Friday, January 10, 2014

Using YouTube to Motivate and Teach STEM Students

By: Sean Scarpiello

Back when I was in school, my classmates and I would constantly ask our teacher “when will we ever use this in life?” This was especially true in subjects such as math and science. These days STEM (science, technology, engineering, math) education is being pushed on students more than ever and as a result, teachers are having an increasingly difficult time motivating students in these subjects. Math and science are difficult subjects to learn and teach because the fundamentals of these subjects are often dry and boring to students. However, if teachers can show students that these subjects can be fun and interesting to apply, students will want to learn the tedious fundamentals so they can move on to the more fascinating applications of these subjects.

One way that I continue to be motivated to pursue a career in STEM fields is by watching videos on YouTube. While there are many different YouTube channels with math and science videos, a few channels stick out as extremely fascinating. One of these channels, called Vsauce, asks thought-provoking questions and attempts to answer them in a fun and interesting way. Some of these questions include Is Your Red the Same as My Red, What Color is a Mirror, and What is it Like to Travel Inside a Black Hole? While answering these questions, the host goes off on many tangents where he introduces a lot of other related information that is also thought-provoking. In fact, while the title of the videos appears as if they answer one question, there are usually several different questions being answered in multiple fields of science.

Despite this, the videos on Vsauce are not instructional videos that walk students step-by-step through solving math equations, but they do motivate students to want to learn. Therefore, teachers could introduce a new topic in class with a video that details all of the fascinating real world applications using the math and science students are about to learn. For example, a teacher introducing subject matter discussing Newtonian mechanics can begin this dry material with the video Guns in Space. In this 5 ½ minute video, the host looks at what it would be like to fire a gun in space and on the moon. The video also gets into how astronauts experience no gravity, how much water it would take to extinguish the sun, and what it would be like if there was a tunnel straight through the earth. Now, students would see that there is more to Newton’s equations on kinematics than just plugging in variables and solving algebra.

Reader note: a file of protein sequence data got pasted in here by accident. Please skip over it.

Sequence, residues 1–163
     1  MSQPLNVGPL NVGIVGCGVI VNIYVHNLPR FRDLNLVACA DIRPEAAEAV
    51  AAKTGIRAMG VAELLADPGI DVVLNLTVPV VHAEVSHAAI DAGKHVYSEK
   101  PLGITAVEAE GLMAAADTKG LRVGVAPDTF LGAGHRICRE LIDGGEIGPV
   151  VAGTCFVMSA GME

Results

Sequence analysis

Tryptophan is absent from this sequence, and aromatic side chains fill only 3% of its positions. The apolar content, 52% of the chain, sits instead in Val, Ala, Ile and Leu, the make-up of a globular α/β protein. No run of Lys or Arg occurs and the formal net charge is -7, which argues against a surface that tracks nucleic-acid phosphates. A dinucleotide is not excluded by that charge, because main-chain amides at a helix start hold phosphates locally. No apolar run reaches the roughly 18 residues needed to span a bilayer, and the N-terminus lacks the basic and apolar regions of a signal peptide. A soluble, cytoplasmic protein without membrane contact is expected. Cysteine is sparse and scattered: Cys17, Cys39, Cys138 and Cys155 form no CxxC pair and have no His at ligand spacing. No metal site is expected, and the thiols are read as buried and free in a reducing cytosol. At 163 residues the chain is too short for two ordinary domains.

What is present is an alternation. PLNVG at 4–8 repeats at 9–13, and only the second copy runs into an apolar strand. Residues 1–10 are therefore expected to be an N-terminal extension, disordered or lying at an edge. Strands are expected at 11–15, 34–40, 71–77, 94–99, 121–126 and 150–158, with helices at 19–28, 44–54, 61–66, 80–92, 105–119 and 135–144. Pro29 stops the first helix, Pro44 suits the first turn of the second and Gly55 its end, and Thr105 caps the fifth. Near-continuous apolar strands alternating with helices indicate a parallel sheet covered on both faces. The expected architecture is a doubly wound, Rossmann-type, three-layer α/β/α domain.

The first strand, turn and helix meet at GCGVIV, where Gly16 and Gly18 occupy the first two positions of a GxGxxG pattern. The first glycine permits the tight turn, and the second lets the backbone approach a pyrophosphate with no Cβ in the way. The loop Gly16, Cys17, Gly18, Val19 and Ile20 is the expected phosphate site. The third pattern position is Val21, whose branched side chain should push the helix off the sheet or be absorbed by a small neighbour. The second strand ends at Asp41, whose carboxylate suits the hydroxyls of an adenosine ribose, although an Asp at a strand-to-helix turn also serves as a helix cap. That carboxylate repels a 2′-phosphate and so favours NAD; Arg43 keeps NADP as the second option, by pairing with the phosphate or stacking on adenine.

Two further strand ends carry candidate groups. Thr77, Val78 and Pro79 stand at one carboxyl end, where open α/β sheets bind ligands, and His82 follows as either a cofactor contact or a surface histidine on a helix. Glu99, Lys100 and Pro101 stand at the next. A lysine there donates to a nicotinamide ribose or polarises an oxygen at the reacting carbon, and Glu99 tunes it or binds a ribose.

Another YouTube channel that does offer instructional videos is called Crash Course. Like Vsauce, Crash Course is hosted by a scientist who walks students through difficult scientific phenomena in a fun and easy to learn way. Crash Course has over 200 videos in chemistry, physics, biology, ecology, and even United States and world history. These instructional videos are extremely helpful as they clearly explain confusing information and offer many visuals that make learning easy. Many of the science videos start with an introduction that shows students exactly why the material they are about to learn is important in the real world.

Much like the Vsauce, Crash Course’s videos could be used to introduce new material. This way, students get a general understanding of the material they are about to learn. Teachers can use Crash Course as a way to supplement material. For example, when attempting to teach how electrons move around the nucleus of an atom, Crash Course’s dynamic visuals, in their atomic orbital video, display electron movement much better than a stationary image in a chemistry textbook. Beyond this, teachers can assign these videos as study aids or homework. This would not only serve to refresh students’ memories, but also give students clear understanding of some of science's most obscure topics.

These videos are fantastic in that they are completely free for anyone to watch on YouTube at any time for no cost. Further, students can watch them on their own to boost their interests in math and science or watch them to get additional instruction in these difficult subjects. Teachers can also use them as a study aid or homework assignment which can be accessed anywhere with an Internet connection. In all, YouTube channels such as the Vsauce and Crash Course are fantastic as they offer more students technology-based education at no cost.


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